The song was also almost replaced in 1981, when the 6th National Assembly decided to open a campaign to find a new national anthem that would better fit the new era. The competition attracted thousands of entries with 17 selected as the finalists, but following the people’s wish, the Army Marching Song remained as the national anthem. National Archives Centre III still kept many of those entries, as well as the original version of the Army Marching Song with the lyrical modifications penned by the late composer Van Cao himself.

The national emblem was the last to be created among the three elements, and also one with a tortuous history. In 1953, artist Bui Trang Chuoc, who was previously designing postage stamps and banknotes for the State Bank of Vietnam, was assigned to the Legal Department in the Prime Minister’s Office to create certificates and merit medals for the Government. Here, he entered the campaign to design Vietnam’s national emblem. He created 112 sketches, researches and dozens of detailed designs he wanted to include on the emblem. His daughter, Ms. Bui Minh Thuy shared with us: “To design the national emblem, my father looked for the images closest to Vietnamese people’s heart, the ones linked to Vietnam’s villages, the rice agriculture, or symbols rich in historical and cultural values of the Vietnamese. My father even went out into the rice fields and studied the ripe crops to accurately depict them.”

In October 1954, of more than 300 entries sent by various artists, only 15 designs of Bui Trang Chuoc were selected to present to the Government. At last, the design most similar to the current national emblem, with the circular shape, rice crops and anvil, was meticulously selected. In the text “I Draw the National Emblem” on display at National Archives Centre III, Bui Trang Chuoc wrote: “A copy was given to comrade Con to present to Uncle Ho, which received his suggestion as followed: the anvil represents individual crafts, thus it should be replaced with a symbol of the modern industry.” Since then, the emblem design has had the cogwheel like it does today, with the circular shape propped up, creating a strong, solid feel.

Later on, due to a confidential mission, artist Bui Trang Chuoc was sent abroad. The editing task was reassigned to artist Tran Van Can, who was mistaken as the original author for an extensive period of time. Artist Bui Trang Chuoc’s writing and design modifications through the years are currently being stored at the Centre, in the exhibition area.

Vietnam’s national emblem with the writing of artist Bui Trang Chuoc

Shared feelings

Towards the end of the talk, the audience actively voiced their questions. Several expats asked about the meaning of Vietnam’s five-pointed star, the colours of the flag, as well as the meaning of the national anthem lyrics. An older audience member, in reply to the aforementioned expat, believed that Vietnam’s flag is rich in Asian philosophies, with the five-pointed star possibly representing the Five Elements (Fire, Water, Wood, Metal, and Earth) with the colours red (representing Fire) and yellow (representing Earth) at the centre of the flag. It was a lively discussion, with stories of the late artist Bui Trang Chuoc shared by his daughter herself.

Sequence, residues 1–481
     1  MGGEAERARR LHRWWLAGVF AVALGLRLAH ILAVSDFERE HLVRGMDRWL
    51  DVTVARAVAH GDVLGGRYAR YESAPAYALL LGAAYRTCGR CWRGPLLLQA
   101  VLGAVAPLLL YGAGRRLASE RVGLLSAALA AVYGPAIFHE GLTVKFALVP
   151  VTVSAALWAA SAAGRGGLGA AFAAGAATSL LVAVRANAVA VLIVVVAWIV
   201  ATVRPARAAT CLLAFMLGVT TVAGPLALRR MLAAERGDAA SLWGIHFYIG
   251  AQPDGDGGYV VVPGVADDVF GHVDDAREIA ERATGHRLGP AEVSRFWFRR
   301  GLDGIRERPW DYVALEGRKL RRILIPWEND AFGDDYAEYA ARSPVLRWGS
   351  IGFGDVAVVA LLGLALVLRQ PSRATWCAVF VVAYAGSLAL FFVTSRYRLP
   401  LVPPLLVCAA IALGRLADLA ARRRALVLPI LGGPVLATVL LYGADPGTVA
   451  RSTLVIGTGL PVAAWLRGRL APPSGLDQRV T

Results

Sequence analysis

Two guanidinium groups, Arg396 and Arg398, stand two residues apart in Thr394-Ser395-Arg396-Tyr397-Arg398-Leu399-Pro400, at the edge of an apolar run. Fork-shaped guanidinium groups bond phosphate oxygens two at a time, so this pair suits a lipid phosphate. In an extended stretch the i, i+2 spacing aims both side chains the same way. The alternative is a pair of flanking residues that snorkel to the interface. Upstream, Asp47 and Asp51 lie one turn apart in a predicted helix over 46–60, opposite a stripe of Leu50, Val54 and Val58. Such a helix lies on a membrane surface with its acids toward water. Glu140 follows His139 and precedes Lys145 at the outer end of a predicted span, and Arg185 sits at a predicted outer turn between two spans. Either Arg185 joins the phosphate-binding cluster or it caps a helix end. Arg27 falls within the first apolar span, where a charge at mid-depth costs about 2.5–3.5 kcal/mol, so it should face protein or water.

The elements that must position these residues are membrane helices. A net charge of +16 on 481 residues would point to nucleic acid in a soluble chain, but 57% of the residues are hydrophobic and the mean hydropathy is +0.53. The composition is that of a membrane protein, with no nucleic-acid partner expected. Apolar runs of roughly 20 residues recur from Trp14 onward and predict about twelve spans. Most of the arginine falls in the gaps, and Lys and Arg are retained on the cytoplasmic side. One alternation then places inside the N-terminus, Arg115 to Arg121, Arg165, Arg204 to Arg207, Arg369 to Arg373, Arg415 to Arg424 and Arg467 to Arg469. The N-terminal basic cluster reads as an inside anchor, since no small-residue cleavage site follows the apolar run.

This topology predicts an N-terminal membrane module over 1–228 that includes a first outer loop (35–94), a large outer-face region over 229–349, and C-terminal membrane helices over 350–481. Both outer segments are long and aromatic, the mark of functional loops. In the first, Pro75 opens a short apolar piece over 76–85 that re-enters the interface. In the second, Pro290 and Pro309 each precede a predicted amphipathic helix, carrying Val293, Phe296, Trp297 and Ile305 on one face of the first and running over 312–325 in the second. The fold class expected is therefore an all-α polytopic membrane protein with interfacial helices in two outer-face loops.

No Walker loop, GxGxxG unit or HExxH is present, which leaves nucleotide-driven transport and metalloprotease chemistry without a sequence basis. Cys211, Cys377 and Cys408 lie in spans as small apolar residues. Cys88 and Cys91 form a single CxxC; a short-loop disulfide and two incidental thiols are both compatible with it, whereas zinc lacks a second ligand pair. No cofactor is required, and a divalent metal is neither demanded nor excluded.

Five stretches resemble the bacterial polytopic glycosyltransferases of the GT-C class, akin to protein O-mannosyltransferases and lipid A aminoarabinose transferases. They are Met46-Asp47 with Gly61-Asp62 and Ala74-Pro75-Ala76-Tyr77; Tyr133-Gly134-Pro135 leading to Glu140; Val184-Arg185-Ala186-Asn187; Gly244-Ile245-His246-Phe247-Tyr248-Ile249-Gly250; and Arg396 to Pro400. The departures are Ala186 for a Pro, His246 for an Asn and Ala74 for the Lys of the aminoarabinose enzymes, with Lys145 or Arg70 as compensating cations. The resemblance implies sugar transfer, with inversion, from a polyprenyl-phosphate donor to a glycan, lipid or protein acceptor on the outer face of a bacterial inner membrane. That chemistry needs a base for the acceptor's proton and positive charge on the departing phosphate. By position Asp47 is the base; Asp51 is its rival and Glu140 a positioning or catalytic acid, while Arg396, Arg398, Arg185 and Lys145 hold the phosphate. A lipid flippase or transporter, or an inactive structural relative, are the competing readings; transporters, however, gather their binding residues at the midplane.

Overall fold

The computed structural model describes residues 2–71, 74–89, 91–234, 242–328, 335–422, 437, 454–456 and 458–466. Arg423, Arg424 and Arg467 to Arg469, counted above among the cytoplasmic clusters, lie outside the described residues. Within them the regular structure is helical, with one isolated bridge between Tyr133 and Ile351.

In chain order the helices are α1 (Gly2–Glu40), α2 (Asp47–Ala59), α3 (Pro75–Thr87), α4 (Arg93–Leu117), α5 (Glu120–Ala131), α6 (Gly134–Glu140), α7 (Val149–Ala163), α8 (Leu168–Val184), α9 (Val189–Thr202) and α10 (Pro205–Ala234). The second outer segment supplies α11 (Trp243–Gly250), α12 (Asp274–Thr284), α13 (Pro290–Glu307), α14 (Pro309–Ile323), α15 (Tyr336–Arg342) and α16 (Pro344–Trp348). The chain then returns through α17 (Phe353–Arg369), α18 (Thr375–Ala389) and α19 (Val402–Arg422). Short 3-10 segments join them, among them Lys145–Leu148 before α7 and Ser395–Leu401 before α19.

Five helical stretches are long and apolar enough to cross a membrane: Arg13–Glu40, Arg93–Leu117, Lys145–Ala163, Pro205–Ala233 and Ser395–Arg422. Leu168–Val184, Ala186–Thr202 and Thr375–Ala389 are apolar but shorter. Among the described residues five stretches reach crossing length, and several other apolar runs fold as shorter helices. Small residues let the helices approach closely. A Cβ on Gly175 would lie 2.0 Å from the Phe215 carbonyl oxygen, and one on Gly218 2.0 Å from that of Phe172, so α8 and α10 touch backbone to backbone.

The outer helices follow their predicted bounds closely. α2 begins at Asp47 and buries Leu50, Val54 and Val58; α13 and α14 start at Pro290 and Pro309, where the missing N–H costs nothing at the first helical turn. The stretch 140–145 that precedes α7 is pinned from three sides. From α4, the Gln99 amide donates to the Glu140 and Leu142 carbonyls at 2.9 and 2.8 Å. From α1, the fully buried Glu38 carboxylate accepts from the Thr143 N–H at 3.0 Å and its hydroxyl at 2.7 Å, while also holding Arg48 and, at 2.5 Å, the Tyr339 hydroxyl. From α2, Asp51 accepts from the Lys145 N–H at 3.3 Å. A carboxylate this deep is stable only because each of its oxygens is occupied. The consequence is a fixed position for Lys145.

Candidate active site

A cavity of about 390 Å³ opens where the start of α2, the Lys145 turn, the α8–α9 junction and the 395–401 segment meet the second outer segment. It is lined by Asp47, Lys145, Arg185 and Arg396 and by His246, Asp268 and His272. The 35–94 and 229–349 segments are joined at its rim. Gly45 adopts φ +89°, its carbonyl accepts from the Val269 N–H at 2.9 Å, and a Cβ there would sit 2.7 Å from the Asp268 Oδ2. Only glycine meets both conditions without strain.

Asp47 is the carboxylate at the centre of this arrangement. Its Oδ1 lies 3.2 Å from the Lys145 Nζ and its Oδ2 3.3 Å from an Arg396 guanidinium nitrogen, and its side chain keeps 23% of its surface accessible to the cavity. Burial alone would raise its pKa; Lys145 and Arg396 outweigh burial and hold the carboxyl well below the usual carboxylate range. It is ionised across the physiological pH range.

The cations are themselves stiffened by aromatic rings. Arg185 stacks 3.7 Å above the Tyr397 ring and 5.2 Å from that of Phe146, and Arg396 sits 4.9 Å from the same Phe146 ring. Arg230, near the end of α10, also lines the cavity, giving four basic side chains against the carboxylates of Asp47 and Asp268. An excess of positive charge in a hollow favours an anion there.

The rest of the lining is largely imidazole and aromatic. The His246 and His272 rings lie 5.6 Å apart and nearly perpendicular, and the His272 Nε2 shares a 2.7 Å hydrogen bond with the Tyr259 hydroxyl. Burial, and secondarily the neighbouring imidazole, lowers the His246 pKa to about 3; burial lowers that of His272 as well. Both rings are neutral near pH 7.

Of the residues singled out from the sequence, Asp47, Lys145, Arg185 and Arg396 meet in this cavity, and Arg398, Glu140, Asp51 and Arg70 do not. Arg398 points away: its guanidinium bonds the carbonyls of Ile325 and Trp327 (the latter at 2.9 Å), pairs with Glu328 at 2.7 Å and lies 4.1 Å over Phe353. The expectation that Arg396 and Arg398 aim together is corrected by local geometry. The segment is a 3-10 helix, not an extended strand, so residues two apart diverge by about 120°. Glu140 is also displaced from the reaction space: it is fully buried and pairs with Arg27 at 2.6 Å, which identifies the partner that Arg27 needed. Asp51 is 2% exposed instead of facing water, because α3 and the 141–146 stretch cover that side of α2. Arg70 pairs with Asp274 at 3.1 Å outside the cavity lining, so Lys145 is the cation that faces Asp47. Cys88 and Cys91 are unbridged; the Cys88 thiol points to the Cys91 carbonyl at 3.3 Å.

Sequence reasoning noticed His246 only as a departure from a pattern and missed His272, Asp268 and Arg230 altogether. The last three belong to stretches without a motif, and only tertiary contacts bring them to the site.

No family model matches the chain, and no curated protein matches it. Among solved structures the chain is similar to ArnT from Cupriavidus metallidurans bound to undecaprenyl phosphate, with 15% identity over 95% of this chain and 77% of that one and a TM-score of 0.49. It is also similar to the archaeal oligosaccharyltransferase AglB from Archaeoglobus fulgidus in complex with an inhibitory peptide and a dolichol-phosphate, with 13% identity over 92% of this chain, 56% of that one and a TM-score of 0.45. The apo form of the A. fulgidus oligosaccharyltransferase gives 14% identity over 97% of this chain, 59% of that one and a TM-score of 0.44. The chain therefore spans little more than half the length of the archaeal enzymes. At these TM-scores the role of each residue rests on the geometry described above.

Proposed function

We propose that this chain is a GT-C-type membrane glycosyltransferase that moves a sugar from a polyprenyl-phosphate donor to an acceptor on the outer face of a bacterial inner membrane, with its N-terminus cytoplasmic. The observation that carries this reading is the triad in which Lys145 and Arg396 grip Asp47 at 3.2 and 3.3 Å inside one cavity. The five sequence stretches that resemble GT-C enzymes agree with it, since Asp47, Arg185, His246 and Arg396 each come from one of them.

Vietnam’s national emblem, approved following the Decree no. 254-SL on 14th January 1956 issued by the President of the Democratic Republic of Vietnam.
Source: National Archives Centre III, Official Gazette, 1956.

The talk ended with a visit to the exhibition of this iconic trio. Here, we had the chance to see original writings preserved by the Archive. The exhibition also featured videos which highlight special occasions in relation to these three symbols in recent years, including the first appearance of Vietnam’s flag at the United Nations headquarters, or the cornerstones imprinted with the national emblem at Truong Sa archipelago. The audience, although many of whom are not Vietnamese, all felt a grand and rich national spirit, the quintessence of Vietnam’s traditional culture.

An expat, who has been living in Vietnam for many years, emotionally spoke to the audience at the end:

“I have lived in Vietnam for quite some time and often come across the national flag and anthem, but I’ve never known they have such interesting stories. You must be very proud of your history, because these are indeed the proof of a self-reliant, independent nation.”

Another senior audience member shared: “I cancelled my plans with friends to come here today, it’s totally worth it! Let me tell you more about Van Cao… I knew him back in the days!”

The audience at the event